In times of uncertainty and economic upheaval, diversity and inclusion programs are often the first to be cut—which means the diverse attorneys they support can be impacted in negative ways. We asked Eric Friedman, LCLD Board Member and Executive Partner of Skadden, Arps, Slate, Meagher & Flom LLP, what three things legal leaders can do today to ensure that their diversity and inclusion objectives continue to grow and thrive.
1. Communicate early and often.
At Skadden, we make sure to embed inclusion principles in our firm-wide communications with attorneys and professional staff. We are explicit with internal stakeholders about our expectation that diversity and inclusion must remain priorities. We continue to strive to live up to our core values, which include reinforcing the power of diversity and inclusion to engender a sense of community, belonging, and well being among our employees. We also recognize that we need the best and most creative thinking—which only a talented, diverse group can deliver—to help our firm and our clients thrive during and in the aftermath of this crisis.
For example, we recently held a virtual “town hall” for our attorneys. We asked them to submit questions in advance that were top of mind during this crisis, and Emily Lam, our Palo Alto office leader, joined me in this conversation. Not only were two faces and two voices better than one—unsurprisingly, our attorneys found it beneficial to hear from two individuals with different backgrounds, geographies, areas of expertise, and personal as well as professional responsibilities.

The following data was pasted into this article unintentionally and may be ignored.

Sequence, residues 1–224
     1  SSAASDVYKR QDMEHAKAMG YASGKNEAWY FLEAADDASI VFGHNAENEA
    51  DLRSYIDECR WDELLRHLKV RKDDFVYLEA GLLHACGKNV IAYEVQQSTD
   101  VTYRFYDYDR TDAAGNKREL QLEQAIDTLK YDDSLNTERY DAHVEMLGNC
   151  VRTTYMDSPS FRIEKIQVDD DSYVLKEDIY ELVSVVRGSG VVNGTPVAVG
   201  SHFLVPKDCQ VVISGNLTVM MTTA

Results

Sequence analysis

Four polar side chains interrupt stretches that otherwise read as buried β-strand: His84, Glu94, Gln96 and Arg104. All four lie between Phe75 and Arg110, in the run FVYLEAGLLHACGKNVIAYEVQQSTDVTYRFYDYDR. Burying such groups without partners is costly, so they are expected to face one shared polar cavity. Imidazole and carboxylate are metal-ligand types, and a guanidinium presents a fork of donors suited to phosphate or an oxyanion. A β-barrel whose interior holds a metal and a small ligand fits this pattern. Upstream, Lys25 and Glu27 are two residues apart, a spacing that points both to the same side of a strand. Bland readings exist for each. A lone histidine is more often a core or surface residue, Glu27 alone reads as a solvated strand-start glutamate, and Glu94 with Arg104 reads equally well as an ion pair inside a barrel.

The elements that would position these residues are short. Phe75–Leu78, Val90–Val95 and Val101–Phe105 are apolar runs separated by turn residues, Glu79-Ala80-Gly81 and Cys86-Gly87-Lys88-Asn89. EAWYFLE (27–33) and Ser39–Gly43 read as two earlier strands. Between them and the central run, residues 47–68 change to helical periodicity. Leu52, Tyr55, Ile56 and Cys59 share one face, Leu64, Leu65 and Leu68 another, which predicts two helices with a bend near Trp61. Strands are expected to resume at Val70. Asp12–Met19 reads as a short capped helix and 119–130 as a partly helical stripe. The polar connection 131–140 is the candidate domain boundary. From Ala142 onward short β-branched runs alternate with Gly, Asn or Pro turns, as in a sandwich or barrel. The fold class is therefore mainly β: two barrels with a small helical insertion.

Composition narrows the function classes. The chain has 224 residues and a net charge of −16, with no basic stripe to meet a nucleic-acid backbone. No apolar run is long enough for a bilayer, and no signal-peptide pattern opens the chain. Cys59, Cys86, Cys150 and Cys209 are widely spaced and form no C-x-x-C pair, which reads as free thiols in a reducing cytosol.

2. Monitor processes to support equity.
Now, perhaps more than ever, it is important to be proactive in ensuring that our talent management processes are working. Everyone needs to have equitable access to work and professional development resources, such as mentorship. In addition to the essential role that our partners and administrative leaders play, we also solicit input from diverse associates about their experiences and how the firm can best support them in this environment.
We are also excited to have recently adopted the Mansfield Rule 4.0 to help embolden our efforts to increase diversity and expand access to leadership opportunities within our senior attorney ranks.
3. Collaborate with clients.
We are encouraged by the level of engagement and communication about D&I from several of our clients, even in the midst of the current crisis and the attendant disruption to our businesses and personal lives. We regularly speak with clients about the unique role they play in supporting rising talent within our firm, and about specific activities, such as our GC Conversation Series, in which they can participate to advance our mutual objectives. The more that companies and law firms band together to keep D&I top of mind within our organizations, the more likely we are to achieve our aspirations for diversity and inclusion.
Similarly, partnering with clients on pro bono work is a great way for attorneys to make a difference during this difficult time. While law firms are working to ensure an even allocation of client matters, pro bono projects provide another important avenue for training, and can help strengthen relationships and provide a deep sense of satisfaction to those involved.